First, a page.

The Testimonies of Daphne, on the Subject of Apollo

by Elizabeth McGinn


Poetry


statue of Apollo and Daphne
Photo courtesy of wikipedia commons

by Colleen Joyce ’22

My testimony discloses the truth—
I rejected each of his proposals.
In fact, I am certain the only words
from my lips, directed towards Apollo,
were dismissals—despite what has been told.
Let me state that I did not want his eye.
My desires were trivial to him.

Eros may claim mockery and “humor”
turned the god of sun to the pathetic
god of pursuit; To me, though, it’s clear that
the god needed not a flimsy arrow—
his pursuits would have trailed me, no matter.
The fact is they did. During my travels,
he stalked my each step, just like a lion,
waiting for the moment to engage me.
Forgive me, sir, but there was never a
fine moment—I simply did not want you.
How many times must I clarify this?

Maybe an analogy will suit you:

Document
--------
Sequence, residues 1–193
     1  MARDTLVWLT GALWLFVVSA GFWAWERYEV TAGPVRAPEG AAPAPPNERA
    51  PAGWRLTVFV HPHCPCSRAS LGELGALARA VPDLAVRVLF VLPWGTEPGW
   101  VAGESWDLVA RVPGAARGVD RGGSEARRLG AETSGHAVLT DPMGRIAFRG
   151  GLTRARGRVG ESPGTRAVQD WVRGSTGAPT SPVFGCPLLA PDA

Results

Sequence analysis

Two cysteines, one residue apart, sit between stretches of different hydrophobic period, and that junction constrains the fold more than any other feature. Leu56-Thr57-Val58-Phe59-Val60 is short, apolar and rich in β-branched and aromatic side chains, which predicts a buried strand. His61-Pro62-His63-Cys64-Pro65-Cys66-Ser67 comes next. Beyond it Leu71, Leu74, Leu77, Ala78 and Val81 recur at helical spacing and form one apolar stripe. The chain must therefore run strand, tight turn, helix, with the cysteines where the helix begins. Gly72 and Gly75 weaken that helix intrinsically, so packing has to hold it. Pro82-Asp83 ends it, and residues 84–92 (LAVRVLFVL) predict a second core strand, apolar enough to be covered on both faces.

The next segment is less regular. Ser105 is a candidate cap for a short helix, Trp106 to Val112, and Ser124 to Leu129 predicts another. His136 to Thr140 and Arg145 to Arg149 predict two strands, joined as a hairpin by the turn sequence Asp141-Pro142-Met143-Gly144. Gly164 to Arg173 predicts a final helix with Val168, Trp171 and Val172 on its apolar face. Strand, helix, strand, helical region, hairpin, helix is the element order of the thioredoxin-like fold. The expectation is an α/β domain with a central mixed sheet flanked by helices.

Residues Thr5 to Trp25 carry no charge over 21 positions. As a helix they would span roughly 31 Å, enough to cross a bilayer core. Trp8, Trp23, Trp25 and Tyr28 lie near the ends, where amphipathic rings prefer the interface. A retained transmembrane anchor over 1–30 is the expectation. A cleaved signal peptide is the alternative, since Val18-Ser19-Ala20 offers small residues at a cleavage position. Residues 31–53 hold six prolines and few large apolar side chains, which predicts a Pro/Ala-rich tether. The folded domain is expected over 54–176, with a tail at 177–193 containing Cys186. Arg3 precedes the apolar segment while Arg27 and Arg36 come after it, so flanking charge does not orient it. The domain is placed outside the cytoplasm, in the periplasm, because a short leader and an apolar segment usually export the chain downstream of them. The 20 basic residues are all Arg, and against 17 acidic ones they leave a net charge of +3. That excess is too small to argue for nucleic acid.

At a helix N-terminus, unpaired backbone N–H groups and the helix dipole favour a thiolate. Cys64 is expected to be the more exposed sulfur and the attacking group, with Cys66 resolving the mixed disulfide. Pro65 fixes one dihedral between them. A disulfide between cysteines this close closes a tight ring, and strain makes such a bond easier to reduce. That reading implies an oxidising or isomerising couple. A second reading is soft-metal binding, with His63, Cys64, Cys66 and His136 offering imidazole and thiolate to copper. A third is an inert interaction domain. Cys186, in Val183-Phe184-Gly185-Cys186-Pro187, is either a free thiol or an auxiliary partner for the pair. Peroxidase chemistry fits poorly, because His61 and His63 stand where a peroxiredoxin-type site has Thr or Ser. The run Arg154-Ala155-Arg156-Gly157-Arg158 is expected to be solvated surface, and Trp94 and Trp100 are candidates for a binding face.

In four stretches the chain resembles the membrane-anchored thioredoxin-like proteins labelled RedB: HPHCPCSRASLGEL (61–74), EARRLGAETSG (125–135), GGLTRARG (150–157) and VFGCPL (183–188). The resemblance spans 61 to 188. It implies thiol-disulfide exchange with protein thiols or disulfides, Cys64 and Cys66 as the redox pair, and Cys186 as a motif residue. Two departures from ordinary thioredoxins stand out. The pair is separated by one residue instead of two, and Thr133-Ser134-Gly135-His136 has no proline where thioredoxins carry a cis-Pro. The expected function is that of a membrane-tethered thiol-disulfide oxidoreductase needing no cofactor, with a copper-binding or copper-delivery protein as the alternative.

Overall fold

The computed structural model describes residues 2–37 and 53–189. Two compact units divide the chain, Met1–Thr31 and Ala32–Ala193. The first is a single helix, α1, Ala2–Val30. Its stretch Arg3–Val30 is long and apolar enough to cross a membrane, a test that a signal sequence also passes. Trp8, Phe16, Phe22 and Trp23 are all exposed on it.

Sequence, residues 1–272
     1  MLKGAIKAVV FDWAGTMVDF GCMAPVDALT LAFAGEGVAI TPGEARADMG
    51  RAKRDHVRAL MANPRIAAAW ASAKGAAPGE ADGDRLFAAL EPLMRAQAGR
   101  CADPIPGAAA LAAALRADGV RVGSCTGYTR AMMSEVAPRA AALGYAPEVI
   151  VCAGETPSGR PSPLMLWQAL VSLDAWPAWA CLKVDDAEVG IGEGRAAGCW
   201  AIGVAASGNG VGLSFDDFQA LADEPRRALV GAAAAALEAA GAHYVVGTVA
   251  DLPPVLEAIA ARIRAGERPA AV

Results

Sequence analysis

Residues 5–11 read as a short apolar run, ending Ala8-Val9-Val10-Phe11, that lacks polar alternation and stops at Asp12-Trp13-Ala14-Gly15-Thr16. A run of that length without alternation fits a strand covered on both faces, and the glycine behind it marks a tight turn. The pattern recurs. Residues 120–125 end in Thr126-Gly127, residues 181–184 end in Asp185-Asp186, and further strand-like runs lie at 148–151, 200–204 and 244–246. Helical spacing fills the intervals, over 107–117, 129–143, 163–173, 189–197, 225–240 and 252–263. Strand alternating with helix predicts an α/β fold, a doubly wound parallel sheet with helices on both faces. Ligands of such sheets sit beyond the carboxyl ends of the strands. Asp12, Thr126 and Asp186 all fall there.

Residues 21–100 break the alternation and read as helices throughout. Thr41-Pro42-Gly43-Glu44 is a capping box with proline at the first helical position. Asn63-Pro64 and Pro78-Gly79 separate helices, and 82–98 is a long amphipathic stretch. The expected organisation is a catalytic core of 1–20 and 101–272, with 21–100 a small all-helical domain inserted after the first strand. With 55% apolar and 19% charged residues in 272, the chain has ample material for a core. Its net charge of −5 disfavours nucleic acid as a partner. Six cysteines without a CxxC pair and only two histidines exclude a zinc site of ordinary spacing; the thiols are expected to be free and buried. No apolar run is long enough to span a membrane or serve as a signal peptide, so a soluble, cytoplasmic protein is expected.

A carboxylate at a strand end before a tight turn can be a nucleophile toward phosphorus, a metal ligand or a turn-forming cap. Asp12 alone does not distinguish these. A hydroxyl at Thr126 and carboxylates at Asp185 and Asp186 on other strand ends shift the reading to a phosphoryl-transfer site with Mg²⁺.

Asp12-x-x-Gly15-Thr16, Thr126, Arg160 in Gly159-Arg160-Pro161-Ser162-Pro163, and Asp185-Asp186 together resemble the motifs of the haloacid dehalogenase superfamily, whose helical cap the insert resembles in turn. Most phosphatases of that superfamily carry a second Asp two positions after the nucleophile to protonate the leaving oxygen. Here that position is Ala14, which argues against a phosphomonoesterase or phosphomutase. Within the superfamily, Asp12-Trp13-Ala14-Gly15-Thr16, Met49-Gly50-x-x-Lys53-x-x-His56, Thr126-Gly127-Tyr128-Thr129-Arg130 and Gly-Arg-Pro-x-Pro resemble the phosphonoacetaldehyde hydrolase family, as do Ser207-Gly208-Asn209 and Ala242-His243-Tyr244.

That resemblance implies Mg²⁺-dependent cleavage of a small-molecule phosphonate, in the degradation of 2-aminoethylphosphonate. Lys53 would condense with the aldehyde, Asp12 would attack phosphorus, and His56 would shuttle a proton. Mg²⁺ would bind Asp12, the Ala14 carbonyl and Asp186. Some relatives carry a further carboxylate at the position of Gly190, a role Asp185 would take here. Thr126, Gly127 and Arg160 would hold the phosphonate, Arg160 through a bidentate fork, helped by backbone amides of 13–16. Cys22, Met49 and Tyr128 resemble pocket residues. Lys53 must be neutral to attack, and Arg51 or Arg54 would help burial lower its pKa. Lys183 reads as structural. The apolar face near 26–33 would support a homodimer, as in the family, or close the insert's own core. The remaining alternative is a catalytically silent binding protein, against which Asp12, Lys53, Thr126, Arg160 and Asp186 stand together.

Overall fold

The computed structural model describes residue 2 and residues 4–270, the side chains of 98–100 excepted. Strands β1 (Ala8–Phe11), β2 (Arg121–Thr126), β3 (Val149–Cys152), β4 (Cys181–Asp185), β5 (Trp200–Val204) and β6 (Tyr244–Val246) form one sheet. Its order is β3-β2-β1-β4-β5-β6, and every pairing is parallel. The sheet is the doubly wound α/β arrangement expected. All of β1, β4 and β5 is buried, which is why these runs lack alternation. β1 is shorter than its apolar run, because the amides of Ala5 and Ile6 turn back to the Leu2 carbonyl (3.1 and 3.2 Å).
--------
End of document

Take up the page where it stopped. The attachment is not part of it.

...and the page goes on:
a gazelle does not choose to be the prey.
She does not tread lightly, cautious, just to
become some predator’s toy, nor his meal.
She wishes not to find herself in the
daggers of a vicious, greedy, creature.
She would much rather graze at home, able to
mill about without the immense burden
of unrequited quests of seduction.

So, I must say to you, Apollo, stop!
I yearn for life you are not a part of.
But, if I must live one with you in it…
I would much prefer to be cemented
into the tough bark of a laurel tree.
At least then, when I shall decay, I may
escape the cement of your dreadful love.

 


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